If you run a project-based business, consider invoicing in phases. Instead of sending one giant invoice at the end of the job, maybe try invoicing once certain phases of the tasks are complete. Or, consider charging a deposit for your work to discourage customers from avoiding payment altogether. This way, you can even out your cash flow.

Use Invoicing Software

When it comes to getting your invoices paid on time, invoicing software is integral. With it, you can send invoices quickly, automize your invoicing process, and encourage customers to pay quickly with online payments.

Here at Merchant Maverick, we highly recommend that small businesses use invoicing software at the very least, or purchase full-fledged accounting software to send online invoices and balance the books. In this post, we’ve already mentioned several of the great perks of e-invoicing and invoicing software.

Here is a full list of the reasons you should use invoicing software:

  • To automate your invoicing process
  • To send online invoices to customers
  • To accept invoice payments from customers directly online
  • To see when your customers have received and viewed their invoices
  • To send automatic payment reminders to late-paying customers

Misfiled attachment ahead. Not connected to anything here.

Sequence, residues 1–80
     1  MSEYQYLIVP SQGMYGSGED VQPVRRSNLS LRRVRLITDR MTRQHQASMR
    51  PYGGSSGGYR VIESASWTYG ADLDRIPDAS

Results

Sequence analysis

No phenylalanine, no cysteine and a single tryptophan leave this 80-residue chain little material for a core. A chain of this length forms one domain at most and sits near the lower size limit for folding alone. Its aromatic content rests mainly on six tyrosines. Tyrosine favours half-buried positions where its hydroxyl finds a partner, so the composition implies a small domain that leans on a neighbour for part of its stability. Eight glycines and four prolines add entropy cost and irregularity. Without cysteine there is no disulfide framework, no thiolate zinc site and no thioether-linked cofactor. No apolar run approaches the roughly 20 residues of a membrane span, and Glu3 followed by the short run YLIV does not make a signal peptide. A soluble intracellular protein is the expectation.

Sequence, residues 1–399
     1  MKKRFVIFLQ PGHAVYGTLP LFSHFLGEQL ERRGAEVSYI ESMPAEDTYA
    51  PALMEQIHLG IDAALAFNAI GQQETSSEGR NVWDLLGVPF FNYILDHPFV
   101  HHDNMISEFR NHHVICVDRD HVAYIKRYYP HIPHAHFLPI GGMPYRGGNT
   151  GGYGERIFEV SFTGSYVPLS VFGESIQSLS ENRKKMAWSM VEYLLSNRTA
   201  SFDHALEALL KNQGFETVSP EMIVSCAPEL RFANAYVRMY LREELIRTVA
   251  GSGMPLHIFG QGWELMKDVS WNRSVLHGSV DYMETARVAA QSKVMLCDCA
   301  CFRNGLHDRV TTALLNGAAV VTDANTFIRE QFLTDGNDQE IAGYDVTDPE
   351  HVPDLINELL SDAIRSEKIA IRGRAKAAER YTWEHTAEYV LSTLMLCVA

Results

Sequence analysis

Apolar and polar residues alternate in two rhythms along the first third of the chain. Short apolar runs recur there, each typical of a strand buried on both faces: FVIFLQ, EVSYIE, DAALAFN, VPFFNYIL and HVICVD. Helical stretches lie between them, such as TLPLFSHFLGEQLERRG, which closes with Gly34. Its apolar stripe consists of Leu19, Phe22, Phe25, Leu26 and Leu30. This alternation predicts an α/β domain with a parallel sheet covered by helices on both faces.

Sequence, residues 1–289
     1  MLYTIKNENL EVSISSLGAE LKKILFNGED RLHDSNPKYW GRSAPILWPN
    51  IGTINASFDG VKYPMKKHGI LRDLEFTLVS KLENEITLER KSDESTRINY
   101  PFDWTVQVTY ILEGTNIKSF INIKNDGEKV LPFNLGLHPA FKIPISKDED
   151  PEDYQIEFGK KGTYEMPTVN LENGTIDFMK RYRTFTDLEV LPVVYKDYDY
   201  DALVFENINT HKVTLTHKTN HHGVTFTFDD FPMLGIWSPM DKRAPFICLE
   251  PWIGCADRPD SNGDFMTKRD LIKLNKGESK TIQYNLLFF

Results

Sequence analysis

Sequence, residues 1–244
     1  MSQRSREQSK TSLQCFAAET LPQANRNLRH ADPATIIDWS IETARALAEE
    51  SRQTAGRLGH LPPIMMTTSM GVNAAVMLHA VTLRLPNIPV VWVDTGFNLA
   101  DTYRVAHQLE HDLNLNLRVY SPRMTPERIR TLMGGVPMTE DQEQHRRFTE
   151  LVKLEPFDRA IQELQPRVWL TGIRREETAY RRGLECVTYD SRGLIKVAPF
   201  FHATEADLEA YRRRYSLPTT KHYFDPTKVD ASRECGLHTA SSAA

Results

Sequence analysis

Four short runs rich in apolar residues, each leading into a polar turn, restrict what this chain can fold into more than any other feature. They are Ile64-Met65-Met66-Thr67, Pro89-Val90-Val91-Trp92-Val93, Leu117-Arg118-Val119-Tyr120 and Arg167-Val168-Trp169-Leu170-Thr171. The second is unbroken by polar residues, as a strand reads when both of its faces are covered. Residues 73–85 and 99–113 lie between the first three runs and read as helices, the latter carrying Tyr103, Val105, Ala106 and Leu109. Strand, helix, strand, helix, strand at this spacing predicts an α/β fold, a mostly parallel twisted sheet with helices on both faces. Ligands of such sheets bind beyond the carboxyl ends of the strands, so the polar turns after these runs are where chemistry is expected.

• To construct default terms and conditions that automatically appear on every invoice
  • To create default invoice email messages to make sending invoices faster
  • To run helpful reports like Accounts Receivable and Sales by Customer
  • To send invoices on the go with mobile apps
  • To save on paper, ink, and time

If you’re ready to start getting faster invoice payments by using invoicing software, here is a comparison of the top invoicing software options that have the best offerings:

Zoho Invoice Invoice Ninja Invoicera FreshBooks

Review Visit

Review Visit

Review Visit

Review Visit

Pricing

$0 – $29/month

$0 -$12/month

$0 – $15/month

$0 – $50/month

Customer Support

Very Good

Very Good

Good

Very Good

Ease of Use

Very Easy

Easy

Very Easy

Very Easy

Business Size

Small – Medium

Small

Small – Medium

Small

Number of Invoice Templates

16

10

7

2

Autoschedule Invoices

✓

✘

✓

✘

Payment Reminders

✓

✓

✓

✘

International Invoicing

✓

✘

✘

✘

Number of Payment Processors

11

35

30

2 – 6

If you want the same great invoicing features but with added bookkeeping functionality, here are the four best accounting programs for invoicing:

Zoho Books QuickBooks Online Wave Zipbooks

ReviewVisit

ReviewVisit

ReviewVisit

ReviewVisit

Pricing

$0 – $29/month

$15 – $50/month

$0

$0 – $125/month

Customer Support

Very Good

Poor

Good

Good

Ease of Use

Very Easy

Easy

Very Easy

Easy

Business Size

Small

Small – Medium

Small

Small

Number of Invoice Templates

15

5

3

1

Autoschedule Invoices

✓

✓

✘

✘

Payment Reminders

✓

✓

✓

✓

International Invoicing

✓

✘

✘

✘

Invoice Strength Score

✘

✘

✘

✓

Number of Payment Processors

12

15

2

2

If you need help deciding which software is right for you, check out our comprehensive invoicing software reviews, take a look at our post How To Choose Invoicing Software, or leave us a comment below.

What If My Customers Still Don’t Pay Their Invoices On Time?

So what happens if you try all 10 of these tips and you still have late-paying customers? That’s where invoice financing comes in.